not a trend, but a movement. Creating fashion that is mindful to all involved, especially the environment. Innovating and finding ways of avoiding dependence on natural resources in the long run, to “sustain” and maintain an environmentally friendly balance.
Ethical fashion – similar to sustainable fashion, “ethical” pertains to behaviour which can be considered morally right, so ethical fashion focuses more on how fashion impacts society and those involved with the industry – from minimum wages to the use of animal products and welfare, factory and working conditions to diversity.
Fast fashion – how DO fashion brands make identical copies of runway looks days after they first appear? Fast fashion! The mass production of cheap and low quality garments so that consumers are able to shop seasonal trends one week and throw them away the next. This is a huge contributor to pollution and overflowing landfills.
Slow fashion – the sustainable way to shop in the world of fast fashion. It values quality, not quantity, encouraging less waste and longer durability, taking into account better treatment of those making the garments and the environment we live in.
Minimalism – “have nothing in your houses that you do not know to be useful or believe to be beautiful” said William Morris. Essentially, it is simplicity, removing unnecessary clutter and stripping back to basics. There are varying levels of extremity, but it is about not having any more than you need.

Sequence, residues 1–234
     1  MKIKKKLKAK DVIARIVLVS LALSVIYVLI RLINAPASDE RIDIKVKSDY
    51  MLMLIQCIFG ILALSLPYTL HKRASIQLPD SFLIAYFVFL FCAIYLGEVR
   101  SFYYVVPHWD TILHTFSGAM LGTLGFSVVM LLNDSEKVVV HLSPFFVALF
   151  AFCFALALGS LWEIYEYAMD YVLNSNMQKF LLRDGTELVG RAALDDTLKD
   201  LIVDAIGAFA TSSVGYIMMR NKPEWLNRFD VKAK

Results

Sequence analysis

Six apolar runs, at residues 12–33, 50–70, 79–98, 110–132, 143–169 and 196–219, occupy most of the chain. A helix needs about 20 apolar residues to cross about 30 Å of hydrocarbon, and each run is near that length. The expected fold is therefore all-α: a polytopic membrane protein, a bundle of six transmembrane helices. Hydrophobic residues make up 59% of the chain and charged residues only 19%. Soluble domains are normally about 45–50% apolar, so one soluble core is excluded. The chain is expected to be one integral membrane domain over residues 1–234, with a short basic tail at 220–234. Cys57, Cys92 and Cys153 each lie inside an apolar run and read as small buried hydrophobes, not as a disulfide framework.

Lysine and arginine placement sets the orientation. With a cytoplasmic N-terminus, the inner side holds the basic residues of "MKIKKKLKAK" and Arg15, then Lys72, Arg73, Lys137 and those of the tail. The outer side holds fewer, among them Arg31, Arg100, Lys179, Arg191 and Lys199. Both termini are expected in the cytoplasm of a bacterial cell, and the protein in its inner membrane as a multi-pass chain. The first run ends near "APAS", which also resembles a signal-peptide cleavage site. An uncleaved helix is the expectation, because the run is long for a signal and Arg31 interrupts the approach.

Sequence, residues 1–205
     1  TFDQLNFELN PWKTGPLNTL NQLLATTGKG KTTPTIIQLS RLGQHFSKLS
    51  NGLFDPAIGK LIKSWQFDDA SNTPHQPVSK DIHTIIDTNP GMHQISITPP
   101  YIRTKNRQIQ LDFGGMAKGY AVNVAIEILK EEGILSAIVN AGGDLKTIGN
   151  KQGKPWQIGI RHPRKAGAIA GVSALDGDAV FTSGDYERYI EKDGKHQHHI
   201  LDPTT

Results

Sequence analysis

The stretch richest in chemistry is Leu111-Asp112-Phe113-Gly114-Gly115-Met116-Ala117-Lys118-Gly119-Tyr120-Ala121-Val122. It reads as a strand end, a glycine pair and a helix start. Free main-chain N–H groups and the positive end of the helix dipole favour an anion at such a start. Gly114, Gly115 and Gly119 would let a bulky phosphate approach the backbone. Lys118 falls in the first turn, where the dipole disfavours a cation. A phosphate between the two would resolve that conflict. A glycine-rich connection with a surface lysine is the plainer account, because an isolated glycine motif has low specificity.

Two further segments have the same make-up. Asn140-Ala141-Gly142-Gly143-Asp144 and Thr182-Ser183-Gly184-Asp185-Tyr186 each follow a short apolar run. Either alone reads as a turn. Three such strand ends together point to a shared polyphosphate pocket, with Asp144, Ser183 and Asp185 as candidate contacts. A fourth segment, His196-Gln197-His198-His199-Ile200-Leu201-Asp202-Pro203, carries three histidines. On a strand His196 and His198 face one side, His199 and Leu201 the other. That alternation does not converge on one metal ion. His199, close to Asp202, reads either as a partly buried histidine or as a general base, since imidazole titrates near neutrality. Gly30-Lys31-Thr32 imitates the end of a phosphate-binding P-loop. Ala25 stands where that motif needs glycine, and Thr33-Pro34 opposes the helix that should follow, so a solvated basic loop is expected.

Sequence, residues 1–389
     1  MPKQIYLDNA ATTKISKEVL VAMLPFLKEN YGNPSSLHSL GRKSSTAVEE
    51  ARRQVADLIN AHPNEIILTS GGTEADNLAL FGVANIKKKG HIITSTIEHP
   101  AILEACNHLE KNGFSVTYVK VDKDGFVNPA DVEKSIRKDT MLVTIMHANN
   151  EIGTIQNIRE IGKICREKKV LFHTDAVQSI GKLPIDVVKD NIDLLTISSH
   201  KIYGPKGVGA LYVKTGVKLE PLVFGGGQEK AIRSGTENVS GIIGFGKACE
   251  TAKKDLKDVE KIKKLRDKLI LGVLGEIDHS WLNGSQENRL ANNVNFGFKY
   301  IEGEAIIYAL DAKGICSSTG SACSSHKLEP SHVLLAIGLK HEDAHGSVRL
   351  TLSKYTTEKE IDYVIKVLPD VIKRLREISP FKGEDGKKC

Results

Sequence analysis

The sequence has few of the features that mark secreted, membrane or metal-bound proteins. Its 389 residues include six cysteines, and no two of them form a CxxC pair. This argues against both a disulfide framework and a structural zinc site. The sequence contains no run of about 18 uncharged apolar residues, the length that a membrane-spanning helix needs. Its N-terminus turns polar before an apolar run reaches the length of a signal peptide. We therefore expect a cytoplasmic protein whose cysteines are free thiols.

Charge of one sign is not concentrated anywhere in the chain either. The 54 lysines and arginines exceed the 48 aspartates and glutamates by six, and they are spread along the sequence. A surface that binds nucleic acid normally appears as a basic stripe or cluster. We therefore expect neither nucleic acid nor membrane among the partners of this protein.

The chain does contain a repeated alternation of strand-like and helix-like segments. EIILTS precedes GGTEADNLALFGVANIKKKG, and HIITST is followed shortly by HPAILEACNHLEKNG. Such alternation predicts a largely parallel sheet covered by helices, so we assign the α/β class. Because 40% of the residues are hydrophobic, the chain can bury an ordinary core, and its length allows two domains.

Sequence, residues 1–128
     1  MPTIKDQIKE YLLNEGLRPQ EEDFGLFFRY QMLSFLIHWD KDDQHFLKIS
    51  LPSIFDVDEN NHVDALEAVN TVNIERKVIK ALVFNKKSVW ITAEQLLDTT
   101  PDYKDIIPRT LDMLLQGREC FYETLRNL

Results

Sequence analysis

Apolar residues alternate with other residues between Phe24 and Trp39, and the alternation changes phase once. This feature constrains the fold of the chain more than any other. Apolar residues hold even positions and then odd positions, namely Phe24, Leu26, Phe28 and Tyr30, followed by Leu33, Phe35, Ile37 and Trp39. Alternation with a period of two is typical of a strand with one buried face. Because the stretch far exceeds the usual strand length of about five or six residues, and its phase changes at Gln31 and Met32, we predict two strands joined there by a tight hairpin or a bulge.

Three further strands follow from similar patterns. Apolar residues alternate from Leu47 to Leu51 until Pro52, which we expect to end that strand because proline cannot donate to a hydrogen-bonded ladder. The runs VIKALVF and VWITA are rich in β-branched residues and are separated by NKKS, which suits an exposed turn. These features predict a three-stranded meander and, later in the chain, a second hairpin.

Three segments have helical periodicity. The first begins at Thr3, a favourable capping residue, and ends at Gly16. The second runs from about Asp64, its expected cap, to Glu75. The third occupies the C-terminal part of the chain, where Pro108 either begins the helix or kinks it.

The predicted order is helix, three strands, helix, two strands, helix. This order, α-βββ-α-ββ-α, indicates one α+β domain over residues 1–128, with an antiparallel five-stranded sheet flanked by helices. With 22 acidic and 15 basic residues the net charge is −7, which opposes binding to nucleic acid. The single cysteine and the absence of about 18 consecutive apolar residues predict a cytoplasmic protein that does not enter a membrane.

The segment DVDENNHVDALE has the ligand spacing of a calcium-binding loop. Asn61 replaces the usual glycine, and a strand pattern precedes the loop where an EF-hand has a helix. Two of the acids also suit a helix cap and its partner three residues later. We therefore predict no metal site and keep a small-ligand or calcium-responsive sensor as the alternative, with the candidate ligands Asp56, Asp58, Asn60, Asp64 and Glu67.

Greenwashing – the dishonest use of marketing to make a company appear more ethical and eco-friendlier than they really are. Consumers are misled into thinking they are shopping consciously, but the company is funding its advertising more than any “green” ventures.
Circular fashion – in a circular fashion industry, waste is an unknown concept. It is the practise of recycling and reusing garments so that they are not made simply to just end up in landfill. Clothing is “circulating” for as long as it can be.
Carbon neutral/offsetting – a company can offset their carbon emissions by carrying out an environmentally friendly project to effectively “balance” the bad with the good, making them carbon neutral i.e. the level of greenhouse gases they produced has been offset by the number of trees planted. If only it were that easy!
Microplastics/microfibres – the Marine Conservation Society defines microplastics as being less than 5mm in size, mostly originating from synthetic textile fibres. Due to their microscopic nature, they are found everywhere– in our food, water and our bodies.
Fair trade – not just a campaign, but a societal shift. Improving the way we do business with and treat local farmers and labourers in developing countries – in terms of fairer prices paid for their produce and better working conditions so they can lead a decent quality of life.
Living wage – a wage considered appropriate for a decent standard of living. For workers over the age of 25 in the UK, the wage is £8.72 per hour and comparatively in India, it is only around £110 per month. The cost of living is comparatively cheaper, but many workers still do not earn enough for this to be considered a decent standard of living.